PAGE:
Living in Pienza close to the Brunello-rich vineyards of Montalcino has its oenophile advantages: a supply of some of the best vintages at prices that are a fraction of those on wine lists in places like London or New York.
This weekend we had the opportunity to do a wine tour with Lauren Cicione, the owner of Tuscan Auteur, an outfitter that specializes in taking clients and collectors to smaller producers in Montalcino, and all over Italy, as well as organizing villa rentals and private chefs. Our first stop was Casa Raia, a tiny (only 1.5 hectares) but outstanding organic vineyard that only recently started their production of wines. Owner Pierre-Jean Monnoyer led us through the cantina and then a delicious tasting; I loved the 2008 Brunello, smooth and gentle, with soft tannins. The area is always gorgeous, but the orange and reds of the vines in fall made the landscape a particularly amazing sight.
Our next stop was to Castello di Argiano, a producer I know very well (as my husband and I had the great fortune to get married there). A visit to the estate is heavenly in itself: the former medieval hamlet overlooks vineyards and Monte Amiata in the distance, it has a picturesque castle sitting on top of the cantina, and the owners Giuseppe, Sarah and Elisa Sesti are the most hospitable hosts in town. But the vintages here happen to be also some of Montalcino’s best: organic, distinctive and an example of a gentle and unintrusive way of making wine. We ate lunch and drank wine in the estate’s 8th century church, surely one of the world’s most unusual and beautiful tasting spots.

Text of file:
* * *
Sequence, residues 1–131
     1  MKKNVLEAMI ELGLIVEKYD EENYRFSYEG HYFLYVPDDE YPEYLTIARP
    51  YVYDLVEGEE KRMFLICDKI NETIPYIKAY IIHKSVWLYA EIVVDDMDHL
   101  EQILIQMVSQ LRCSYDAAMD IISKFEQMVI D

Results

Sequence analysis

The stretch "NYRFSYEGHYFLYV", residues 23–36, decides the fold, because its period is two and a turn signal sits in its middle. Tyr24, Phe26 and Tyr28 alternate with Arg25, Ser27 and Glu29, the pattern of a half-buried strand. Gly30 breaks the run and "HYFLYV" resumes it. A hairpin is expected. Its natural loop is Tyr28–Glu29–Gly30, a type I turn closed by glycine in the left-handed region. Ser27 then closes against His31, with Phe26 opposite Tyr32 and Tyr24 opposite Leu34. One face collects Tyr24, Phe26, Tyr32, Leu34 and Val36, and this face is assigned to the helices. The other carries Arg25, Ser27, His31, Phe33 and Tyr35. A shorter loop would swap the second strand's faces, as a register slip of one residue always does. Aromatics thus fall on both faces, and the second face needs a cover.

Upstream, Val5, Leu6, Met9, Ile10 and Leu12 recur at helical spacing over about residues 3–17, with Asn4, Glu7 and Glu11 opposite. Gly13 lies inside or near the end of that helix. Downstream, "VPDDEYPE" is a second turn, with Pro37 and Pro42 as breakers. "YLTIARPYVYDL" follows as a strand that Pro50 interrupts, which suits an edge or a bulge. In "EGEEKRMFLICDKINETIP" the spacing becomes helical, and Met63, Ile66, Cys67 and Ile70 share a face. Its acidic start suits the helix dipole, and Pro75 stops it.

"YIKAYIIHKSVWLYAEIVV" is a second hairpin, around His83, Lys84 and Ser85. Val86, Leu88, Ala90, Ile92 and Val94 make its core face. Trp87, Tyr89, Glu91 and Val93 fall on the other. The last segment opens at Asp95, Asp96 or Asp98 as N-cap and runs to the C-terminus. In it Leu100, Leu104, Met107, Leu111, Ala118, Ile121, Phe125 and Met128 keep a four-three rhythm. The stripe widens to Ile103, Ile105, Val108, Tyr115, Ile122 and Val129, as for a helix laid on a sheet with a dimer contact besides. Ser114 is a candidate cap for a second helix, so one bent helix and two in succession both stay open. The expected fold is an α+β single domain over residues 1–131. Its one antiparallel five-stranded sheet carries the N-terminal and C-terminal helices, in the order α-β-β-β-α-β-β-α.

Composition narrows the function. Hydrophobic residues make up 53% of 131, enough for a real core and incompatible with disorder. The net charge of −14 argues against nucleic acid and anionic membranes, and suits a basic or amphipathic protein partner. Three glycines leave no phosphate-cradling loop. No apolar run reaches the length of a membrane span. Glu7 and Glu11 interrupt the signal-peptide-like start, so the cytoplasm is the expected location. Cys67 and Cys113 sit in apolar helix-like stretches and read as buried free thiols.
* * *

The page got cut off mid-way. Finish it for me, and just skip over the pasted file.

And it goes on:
Here are five things you need to know about Brunello:
Brunello is specific wine made in a specific place. All brunello comes ONLY from estate grown Sangiovese grapes within the tiny Comune di Montalcino
With any fine wine, it’s always advisable to wait a few years to drink it. But Brunello is the only wine where BY LAW you HAVE to wait. Brunello must stay with the producer at least five years before becoming commercially available.
Brunello is a relatively recent phenomenom. In the 1980s there were just a few dozen producers making it without much fanfare, but now there are over 200 producers.
Some of the best brunellos are now made by women whereas the wine business used to be a man’s world.
There is a whole new generation of young and up and coming producers with tiny productions of just a few thousand bottles, from organic grapes, that are biodynamically cultivated, and use only natural yeasts and a minimum amount of sulfites.
Here are my other favorite producers (in addition to Sesti and Raia); snag them quickly if you see them on a wine list:
Poggio di Sotto: This estate has my very favorite Rosso di Montalcino; think of it as the baby brother of the bigger bodied Brunello, that is also one of my top five preferred Brunellos. The estate was recently sold but I am hoping the quality remains the same.
Cupano: We love this French style producer that uses small yields and no pesticides or fertilizers. Cupano’s Brunellos have gained a cult following for good reason, and the estate, complete with its draft horse, is one of the area’s most charming.
Stella Di Campalto: Owned by the beautiful producer of the same name, and just a stone’s throw from the abbey of San Antimo (one of the most gorgeous landmarks in Southern Tuscany), bottles from this tiny producer are hard to snag simply because of the quality and limited quantity of their crus.
Fonterenza: This is the estate where Raia’s producer got his start. Run by twin sisters on the southern side of Montalcino, the biodynamic wines are particularly impressive as Margherita and Francesca had no previous wine-making experience.